Ford decided it needed to invest in driver assistance technology that was more achievable in the short term rather than Argo’s goal of driving with little human interaction, the automaker said in a statement.
“Mass-scale, fully autonomous, cost-effective vehicles are still a long way off and we won’t necessarily have to create this technology ourselves,” Ford CEO Jim Farley said in a statement Wednesday.
Ford’s decision also caused VW to walk away, according to people familiar with the matter.
“Especially in the development of future technologies, focus and speed matter,” VW Group CEO Oliver Blume said in a statement. “Our goal is to offer our customers the most powerful functionalities as soon as possible and to set up our development at the best cost.”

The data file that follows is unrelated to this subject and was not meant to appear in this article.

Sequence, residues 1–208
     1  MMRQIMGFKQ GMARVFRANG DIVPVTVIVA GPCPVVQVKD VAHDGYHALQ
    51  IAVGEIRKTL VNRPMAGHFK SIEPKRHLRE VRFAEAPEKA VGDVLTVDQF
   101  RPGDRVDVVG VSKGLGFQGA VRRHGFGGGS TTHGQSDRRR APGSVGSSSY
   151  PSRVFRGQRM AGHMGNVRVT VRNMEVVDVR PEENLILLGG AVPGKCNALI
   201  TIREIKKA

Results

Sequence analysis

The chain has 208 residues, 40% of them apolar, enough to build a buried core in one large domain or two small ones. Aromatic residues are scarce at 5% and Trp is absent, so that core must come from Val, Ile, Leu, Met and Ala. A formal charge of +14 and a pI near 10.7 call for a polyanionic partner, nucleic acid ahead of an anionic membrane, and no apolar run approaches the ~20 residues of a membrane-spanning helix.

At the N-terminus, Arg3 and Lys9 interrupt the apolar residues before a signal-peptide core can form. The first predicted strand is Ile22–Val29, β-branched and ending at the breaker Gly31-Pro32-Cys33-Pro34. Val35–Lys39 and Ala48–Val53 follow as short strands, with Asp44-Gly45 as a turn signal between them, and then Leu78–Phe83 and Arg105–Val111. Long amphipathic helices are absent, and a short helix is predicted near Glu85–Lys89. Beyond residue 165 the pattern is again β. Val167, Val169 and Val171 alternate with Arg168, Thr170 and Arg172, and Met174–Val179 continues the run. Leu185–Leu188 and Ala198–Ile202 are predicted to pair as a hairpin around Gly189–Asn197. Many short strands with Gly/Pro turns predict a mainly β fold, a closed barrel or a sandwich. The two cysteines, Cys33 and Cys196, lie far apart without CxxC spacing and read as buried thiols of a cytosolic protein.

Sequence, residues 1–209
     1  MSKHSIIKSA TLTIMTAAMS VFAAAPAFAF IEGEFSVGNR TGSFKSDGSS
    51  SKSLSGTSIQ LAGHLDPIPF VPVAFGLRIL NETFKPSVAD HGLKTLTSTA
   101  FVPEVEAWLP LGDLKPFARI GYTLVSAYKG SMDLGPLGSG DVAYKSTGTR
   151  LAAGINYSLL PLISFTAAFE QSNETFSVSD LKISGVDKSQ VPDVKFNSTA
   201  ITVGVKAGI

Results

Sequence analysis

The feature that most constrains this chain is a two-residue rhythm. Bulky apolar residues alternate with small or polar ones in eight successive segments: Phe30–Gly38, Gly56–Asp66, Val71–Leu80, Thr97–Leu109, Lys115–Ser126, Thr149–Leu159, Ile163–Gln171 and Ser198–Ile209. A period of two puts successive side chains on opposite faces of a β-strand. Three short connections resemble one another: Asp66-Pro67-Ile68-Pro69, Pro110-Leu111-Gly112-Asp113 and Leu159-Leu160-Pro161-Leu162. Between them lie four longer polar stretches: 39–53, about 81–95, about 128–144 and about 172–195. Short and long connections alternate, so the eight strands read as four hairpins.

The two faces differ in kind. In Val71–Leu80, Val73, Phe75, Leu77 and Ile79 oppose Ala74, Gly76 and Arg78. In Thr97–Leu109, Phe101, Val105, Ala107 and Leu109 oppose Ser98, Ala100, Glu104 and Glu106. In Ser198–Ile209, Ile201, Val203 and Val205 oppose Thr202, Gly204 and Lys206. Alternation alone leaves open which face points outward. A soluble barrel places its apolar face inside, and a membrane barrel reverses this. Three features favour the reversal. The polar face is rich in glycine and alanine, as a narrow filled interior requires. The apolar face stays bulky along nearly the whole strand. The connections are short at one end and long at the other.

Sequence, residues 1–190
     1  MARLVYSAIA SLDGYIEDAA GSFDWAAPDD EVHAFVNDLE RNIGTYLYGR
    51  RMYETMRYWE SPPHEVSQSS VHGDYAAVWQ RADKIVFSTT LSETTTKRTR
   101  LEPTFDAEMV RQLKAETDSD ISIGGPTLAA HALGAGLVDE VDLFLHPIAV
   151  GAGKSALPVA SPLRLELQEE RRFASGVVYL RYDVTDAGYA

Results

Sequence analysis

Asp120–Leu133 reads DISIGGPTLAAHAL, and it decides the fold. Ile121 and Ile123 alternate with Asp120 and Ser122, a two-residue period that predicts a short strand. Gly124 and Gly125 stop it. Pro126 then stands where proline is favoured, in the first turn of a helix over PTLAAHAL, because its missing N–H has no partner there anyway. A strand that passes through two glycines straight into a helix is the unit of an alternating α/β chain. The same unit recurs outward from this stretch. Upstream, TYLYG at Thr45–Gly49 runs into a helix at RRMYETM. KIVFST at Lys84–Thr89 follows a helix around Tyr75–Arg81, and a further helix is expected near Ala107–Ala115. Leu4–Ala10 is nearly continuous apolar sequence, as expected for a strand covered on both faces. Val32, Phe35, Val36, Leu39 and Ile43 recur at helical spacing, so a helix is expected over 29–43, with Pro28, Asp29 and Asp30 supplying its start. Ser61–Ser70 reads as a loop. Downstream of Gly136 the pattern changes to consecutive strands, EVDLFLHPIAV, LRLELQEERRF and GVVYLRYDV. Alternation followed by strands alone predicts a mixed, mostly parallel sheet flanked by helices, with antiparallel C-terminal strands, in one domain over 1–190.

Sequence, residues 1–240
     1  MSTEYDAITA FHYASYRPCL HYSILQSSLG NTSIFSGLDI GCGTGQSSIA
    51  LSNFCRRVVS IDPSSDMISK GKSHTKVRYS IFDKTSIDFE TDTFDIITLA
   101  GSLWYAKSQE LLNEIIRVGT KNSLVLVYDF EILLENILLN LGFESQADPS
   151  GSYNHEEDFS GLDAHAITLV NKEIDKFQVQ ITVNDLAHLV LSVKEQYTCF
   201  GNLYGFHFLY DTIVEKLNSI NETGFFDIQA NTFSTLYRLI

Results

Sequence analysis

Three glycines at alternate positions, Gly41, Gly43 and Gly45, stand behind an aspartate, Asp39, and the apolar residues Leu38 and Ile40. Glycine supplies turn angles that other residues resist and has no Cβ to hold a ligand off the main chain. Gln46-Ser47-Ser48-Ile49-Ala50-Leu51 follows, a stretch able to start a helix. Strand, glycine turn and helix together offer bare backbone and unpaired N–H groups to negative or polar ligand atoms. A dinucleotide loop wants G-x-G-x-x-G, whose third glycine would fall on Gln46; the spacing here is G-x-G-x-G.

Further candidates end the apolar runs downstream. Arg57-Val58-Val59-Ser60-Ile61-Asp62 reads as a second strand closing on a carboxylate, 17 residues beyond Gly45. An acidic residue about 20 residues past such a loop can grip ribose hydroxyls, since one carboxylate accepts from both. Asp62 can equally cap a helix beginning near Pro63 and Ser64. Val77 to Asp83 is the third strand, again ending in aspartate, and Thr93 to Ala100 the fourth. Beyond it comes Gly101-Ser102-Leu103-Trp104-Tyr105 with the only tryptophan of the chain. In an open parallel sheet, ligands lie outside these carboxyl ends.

Ford and VW continue to cooperate on electric and utility vehicles in the United States and Europe.
Ford Chief Financial Officer John Lawler said Wednesday the company determined it would take more than five years to see a return on its investment in full self-driving. Farley said it would also require billions in additional investment.
“It’s harder than putting a man on the moon” to create a robotaxi that can navigate a dense urban landscape, said Doug Field, director of advanced product development and technology at Ford.
Ford will record a non-cash impairment of $2.7 billion before tax on the investment in Argo AI. Argo AI was unable to find other investors, Ford said. The automaker had supported Argo since 2017. The standalone business had more than 2,000 workers as of July.
“Many employees will have the option of continuing to work on automated driving technology with Ford or Volkswagen, while employment for others will unfortunately end,” Argo AI said in a statement.
Launched in 2016, Pittsburgh-based Argo AI was developing the technology behind driverless vehicles. He had raised at least $3.6 billion in investments, mostly from Ford and VW.